That sale quickly looked premature and combined with being underweight at the start of the year, this was where things started to go wrong with my trading strategy. In late March they upgraded the 2022 revenue outlook from £266m to £330m. Despite explicitly noting “I believe guidance is too optimistic / premature”, I ran this through my model and came out with EPS and a conservative DCF of 590p. Looking only at the increased client numbers I persuaded myself that revenue guidance was supported after all. Determined not to miss out again I added very heavily at around 465p.

In the short term this was a good move as there was a rapid rise to 530+p. However, I only sold a small amount. Within three weeks it was clear that this was a serious mistake and I did a post-mortem, concluding (albeit through the cloud of hindsight), that I failed to sell more due to high cash levels.

I then compounding the error by not taking proper advantage of an opportunity to sell at almost 500p in early June, presumably anchoring on the 530p price and overly swayed by broker forecasts, despite me commenting that their update “Points to slowdown” due to the lack of an upgrade to forecasts for the first time for over a year, costs guided higher and apparent resistance at 500p. I also noted I was “Overweight under the circumstances”.

Inexplicably I compounded the error by buying back the minimal sales I had made, and more, again at around 460p.

By late July it was clear from the Q1 Update that the game was up and I started selling at a small loss to FIFO matched buys, but not in any size.

The BOTB Update in August led me to make a further sale at a slightly larger loss.

When the profit warning finally came in September I sold early in reasonable size at a considerable loss, but made the mistake of buying back just 10% lower later in the day, I can only imagine in an idiotic attempt to win back my money in the same share where I lost it, which I understand is a common mistake.

It wasn’t until the interim results in October that I finally capitulated and sold the remainder of my position for a large loss, mainly due to a lack of explanation of why revenue retention had fallen and whether it would recover. This was also a time of exceptionally high risk / return in certain opportunities elsewhere.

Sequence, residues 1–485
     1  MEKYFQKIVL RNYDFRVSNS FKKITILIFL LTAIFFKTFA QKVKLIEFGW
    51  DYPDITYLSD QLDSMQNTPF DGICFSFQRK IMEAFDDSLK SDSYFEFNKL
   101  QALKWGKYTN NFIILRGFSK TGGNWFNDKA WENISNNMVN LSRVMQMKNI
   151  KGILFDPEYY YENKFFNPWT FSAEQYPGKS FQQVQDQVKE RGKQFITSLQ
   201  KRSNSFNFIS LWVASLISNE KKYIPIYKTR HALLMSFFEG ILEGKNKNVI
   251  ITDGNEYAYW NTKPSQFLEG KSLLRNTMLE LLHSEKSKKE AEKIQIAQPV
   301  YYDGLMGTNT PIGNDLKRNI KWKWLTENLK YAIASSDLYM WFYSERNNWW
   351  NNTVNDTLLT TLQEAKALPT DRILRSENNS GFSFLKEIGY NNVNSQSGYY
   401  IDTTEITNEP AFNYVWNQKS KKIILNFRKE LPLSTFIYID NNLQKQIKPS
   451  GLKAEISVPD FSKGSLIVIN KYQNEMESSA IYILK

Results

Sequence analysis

Fortunately this capitulation did not turn out to be the bottom and so far it has proven a case of “better late than never”. Selling entirely may have also had the benefit of at least partially clearing the psychological baggage as, after a six-week break, I started buying back and am now in profit on these buys.

Overall, my trading caused an extra 33% of losses on my starting position, but that was due primarily to increasing my weighting from a very low level at the start of the year. In fact, CMCX was my number 6 position at the start of the year and was only included in the Stockopedia entry because cash was not a valid entry. Therefore my portfolio loss was far less than the 37% reported by Stockopedia. The loss was also small in absolute terms, and I have in fact made money on CMCX since I first bought in 2019 until fully selling in October with an IRR of 15%, with more profits since.

The most annoying thing about this episode was that the large purchases in late March despite my misgivings about the revenue guidance were inspired. Uncritical broker upgrades dribbled out over the next several days and within two weeks I was up 15% on a considerable amount of cash, but I neither took the profits nor later bailed when the trade started to go wrong. Doubtless I would have still been caught with some when the profits warning came, but I should have significantly outperformed an annual buy and hold, and my failure to do so also badly hit my Monthly Top 10.

Lack of knowledge / research was not the problem here. My failure to do much better was down to psychological factors: missing out in the previous year, cash burning a hole in my pocket, loss aversion and an attempt to win back losses on the same share.


Impact of initial weighting: Positive
Impact of trading: Negative
Real IRR relative to real portfolio: N/A

Creightons (CRL)

This is another company carried over from my top 5 in 2020, returning +38.9% this time according to Stockopedia.


Creightons make personal care and beauty products. They are an idiosyncratic company, currently capitalised at just £60m with a small float, but listed on the main market rather than AIM, a situation that seems at times to be to avoid the attentions of an AIM NOMAD. They don’t do trading updates or pay any brokers to produce research / guidance, but they have an almost cult following amongst private investors because of the outstanding quality of their results presentations. This situation creates significant extra risks and also contributes to large share price swings.

In 2020 they did very well out of hand sanitiser sales, more than compensating for headwinds elsewhere, but in December they described the market as “flooded”. My information showed there were a few more government sales to be recognised however and my portfolio weighting was enough to get them into the top 5 again.